Islam And Judaism On Jacob’s Struggle With God And Men – OpEd


Professor Meira Z. Kensky of Coe Collage in a very insightful article in the Times of Israel (November 18, 2021) alerts us to how Prophet Jacob makes a series of strategic preparations in anticipation of meeting his long estranged and often violent brother Esau. Instead of the expected confrontation, we get a totally unexpected, unanticipated, and unprepared for wrestling match between Jacob and a mysterious man at the ford of Jabbok.

The Torah states: “Jacob was left alone. And a man wrestled with him until daybreak.” (Genesis 32:25)

We get no introduction to this man, and we have had no preparation for this battle. This struggle  literally comes out of nowhere. Jacob prevails in the hours-long struggle, but he is wounded in the thigh (verse 26). The man tries to leave, but Jacob says he will not release him until the man blesses him (verse 27). Here is another unexpected situation where Jacob—though wounded—prevails, and Jacob intends to learn what it all means.

Rather than giving him a blessing, the man asks Jacob his name, and then he gives Jacob a new name (Genesis 32:29) “He said, “Your name shall no longer be Jacob, but Israel, for you have striven with God and with men, and you prevailed.”

This is what Professor Meira Z. Kensky calls a red flag moment, a signal from the Torah to pay very close attention. This encounter is the moment where Prophet Jacob receives the name that will become the name of the Jewish nation for the next 3,500 years. 

This is the name used by both the Christian New Testament and the Muslim Qur’an. 

It also is a name which includes a shocking concept; “…for you have striven with God and with men, and you have prevailed.”

Since Jacob gets renamed Israel in this narrative, it is critical to think about what this narrative is saying about the People of Israel as a whole; as well as the Holy-land of Israel in particular. This nighttime encounter takes place at the ford of the Jabbok river, the eastern frontier of Canaan. 

The Jabbok is elsewhere marked by the Bible as a political boundary (Torah Numbers 21:24, Torah Deuteronomy 3:16) and becomes one of the boundaries of Israelite territory (Bible Judges 11:13-22). 

By crossing this river, Jacob, representing Israel, crosses from outside into a promised land, and most crossings are fraught with danger. River crossings always leave those who cross over particularly vulnerable; this reality is heightened here when the narrative strands Jacob there alone, without servants or supporters. With Jacob representing the people of Israel, the narrative highlights how dangerous Israel’s coming to Canaan was; how vulnerable to attack they were, and how no one was there to support them.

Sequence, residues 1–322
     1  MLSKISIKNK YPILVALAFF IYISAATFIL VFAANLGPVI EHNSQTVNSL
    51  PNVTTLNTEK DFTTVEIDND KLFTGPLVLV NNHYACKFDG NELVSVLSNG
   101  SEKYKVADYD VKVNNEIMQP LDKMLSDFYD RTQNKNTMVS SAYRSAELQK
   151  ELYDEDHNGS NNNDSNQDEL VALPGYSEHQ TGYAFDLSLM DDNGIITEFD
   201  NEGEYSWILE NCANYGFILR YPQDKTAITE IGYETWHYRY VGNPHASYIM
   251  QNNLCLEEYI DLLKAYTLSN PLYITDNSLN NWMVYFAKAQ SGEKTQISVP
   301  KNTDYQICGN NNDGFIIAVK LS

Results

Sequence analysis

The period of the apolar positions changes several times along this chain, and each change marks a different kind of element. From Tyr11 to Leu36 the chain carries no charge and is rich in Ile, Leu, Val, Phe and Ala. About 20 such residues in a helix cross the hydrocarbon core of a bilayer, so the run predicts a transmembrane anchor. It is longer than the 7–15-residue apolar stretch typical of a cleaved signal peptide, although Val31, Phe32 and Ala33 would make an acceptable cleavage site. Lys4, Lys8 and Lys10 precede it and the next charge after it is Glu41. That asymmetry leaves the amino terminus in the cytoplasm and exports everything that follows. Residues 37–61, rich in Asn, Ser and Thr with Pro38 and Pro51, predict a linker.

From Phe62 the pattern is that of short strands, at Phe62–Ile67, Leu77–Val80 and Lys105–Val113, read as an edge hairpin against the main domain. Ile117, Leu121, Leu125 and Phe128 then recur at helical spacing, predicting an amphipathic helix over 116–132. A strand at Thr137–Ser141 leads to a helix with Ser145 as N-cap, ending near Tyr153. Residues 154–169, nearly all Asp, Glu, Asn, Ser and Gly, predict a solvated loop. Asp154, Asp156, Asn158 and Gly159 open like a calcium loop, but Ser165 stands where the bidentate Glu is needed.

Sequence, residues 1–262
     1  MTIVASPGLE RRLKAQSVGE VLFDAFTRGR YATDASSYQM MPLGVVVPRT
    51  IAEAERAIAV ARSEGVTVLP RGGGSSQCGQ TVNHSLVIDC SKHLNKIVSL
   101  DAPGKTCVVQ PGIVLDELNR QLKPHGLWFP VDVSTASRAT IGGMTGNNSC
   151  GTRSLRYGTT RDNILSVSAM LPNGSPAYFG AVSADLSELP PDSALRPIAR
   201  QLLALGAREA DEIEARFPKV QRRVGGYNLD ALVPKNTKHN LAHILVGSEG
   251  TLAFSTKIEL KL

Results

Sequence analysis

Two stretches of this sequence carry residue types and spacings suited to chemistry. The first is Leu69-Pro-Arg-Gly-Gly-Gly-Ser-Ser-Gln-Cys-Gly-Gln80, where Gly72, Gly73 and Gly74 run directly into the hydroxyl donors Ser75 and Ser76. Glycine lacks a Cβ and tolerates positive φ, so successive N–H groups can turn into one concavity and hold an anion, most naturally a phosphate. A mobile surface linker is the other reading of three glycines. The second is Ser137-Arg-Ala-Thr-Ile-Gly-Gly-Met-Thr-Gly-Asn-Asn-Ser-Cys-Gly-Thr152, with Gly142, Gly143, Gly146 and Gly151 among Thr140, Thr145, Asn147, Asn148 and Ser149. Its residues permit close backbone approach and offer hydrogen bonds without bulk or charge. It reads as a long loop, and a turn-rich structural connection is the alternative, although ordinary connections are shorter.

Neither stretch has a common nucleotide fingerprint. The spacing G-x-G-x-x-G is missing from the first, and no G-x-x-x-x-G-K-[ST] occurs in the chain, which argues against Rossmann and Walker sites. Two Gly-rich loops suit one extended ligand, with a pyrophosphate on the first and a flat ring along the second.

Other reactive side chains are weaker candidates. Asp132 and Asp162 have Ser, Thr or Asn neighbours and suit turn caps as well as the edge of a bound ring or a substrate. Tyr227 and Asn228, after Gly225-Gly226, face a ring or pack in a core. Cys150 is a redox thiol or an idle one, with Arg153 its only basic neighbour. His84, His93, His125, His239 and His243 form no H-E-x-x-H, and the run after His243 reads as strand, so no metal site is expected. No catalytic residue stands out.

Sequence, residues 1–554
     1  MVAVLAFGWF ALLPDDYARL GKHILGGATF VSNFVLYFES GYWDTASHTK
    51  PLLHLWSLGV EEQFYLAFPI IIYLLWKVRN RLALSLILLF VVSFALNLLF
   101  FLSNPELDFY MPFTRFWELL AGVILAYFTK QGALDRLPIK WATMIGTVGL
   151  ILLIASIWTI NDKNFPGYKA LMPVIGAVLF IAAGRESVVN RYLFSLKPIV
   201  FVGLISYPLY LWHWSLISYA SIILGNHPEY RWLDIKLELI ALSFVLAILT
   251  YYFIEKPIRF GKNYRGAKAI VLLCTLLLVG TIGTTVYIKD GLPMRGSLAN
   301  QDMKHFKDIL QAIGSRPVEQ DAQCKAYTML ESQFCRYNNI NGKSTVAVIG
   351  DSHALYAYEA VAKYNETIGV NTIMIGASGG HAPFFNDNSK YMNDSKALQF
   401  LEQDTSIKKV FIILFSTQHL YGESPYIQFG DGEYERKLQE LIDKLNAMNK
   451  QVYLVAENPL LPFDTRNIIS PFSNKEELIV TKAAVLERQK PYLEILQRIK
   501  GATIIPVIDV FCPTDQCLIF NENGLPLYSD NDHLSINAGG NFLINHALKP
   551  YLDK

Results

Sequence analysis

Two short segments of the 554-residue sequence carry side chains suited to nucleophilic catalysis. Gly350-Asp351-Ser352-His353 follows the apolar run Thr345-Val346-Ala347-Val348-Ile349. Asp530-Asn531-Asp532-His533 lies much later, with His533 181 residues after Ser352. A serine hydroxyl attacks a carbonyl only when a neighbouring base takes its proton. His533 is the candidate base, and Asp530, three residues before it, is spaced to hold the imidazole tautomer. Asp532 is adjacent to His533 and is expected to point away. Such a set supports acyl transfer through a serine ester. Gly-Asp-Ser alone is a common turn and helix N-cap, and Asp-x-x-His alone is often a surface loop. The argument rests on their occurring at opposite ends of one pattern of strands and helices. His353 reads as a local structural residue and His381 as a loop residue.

“So when he (Prophet Abraham) turned away from them (his homeland’s idol worshippers) and from those whom they worship besides God, We gave him Isaac and Jacob and each one of them We made a prophet.” (Quran 19:49) “And We bestowed upon him Isaac and a grandson Jacob, and made each of them righteous.” (Quran 21:72)

“… and of the descendants of Abraham and Israel, and of those whom We guided and chose.  When the verses of the Most Merciful were recited to them, they fell down prostrating and weeping.” (Quran 19:58)

In the Hebrew Bible, Prophet Abraham is the first person to be called a “Hebrew” (Genesis 14:13). The term Hebrew comes from the verb ‘to go over a boundary’— like the Euphrates or Jordan river— or ‘to be an immigrant.’ The first thing God told Prophet Abraham in the Biblical account was: 

“Leave your country, your kindred, and your father’s household, and go to the land I will show you. I will make you into a great nation, and I will bless you; I will make your name (Israel) great, so that you will be a blessing….” (Bible, Genesis 12:1-2)

So Prophet Abraham was what we can call the first ‘Islamic Hebrew’ or the first ‘Muslim Hebrew,’as the Qur’an indicates: “He (Abraham) was not Yahuudiyyaan, “a Jew”, nor Nasraaniyyaan, ‘a Christian,’ but rather a Haniifaan, ‘a submitter to God,’… (Quran, 3:67) i.e. ‘a monotheistic Hebrew believer submitting (Islam) to the one imageless God’ who created all space and time; and who made Prophet Abraham-the-Hebrew’s descendants through Prophets Isaac and Jacob (Israel) into a great multitude of monotheists called the Children of Israel  —B’nai Israel in Hebrew and Banu Israel in Arabic (Genesis 14:13).

Professor Kensky maintains that all of this reminds us that the Jacob narrative stands in for the plight of Israel: the Jewish People must negotiate what it always has meant to be a small nation surrounded by larger, more powerful nations. This means using its wits and seeking every opportunity to survive and come out on the other side.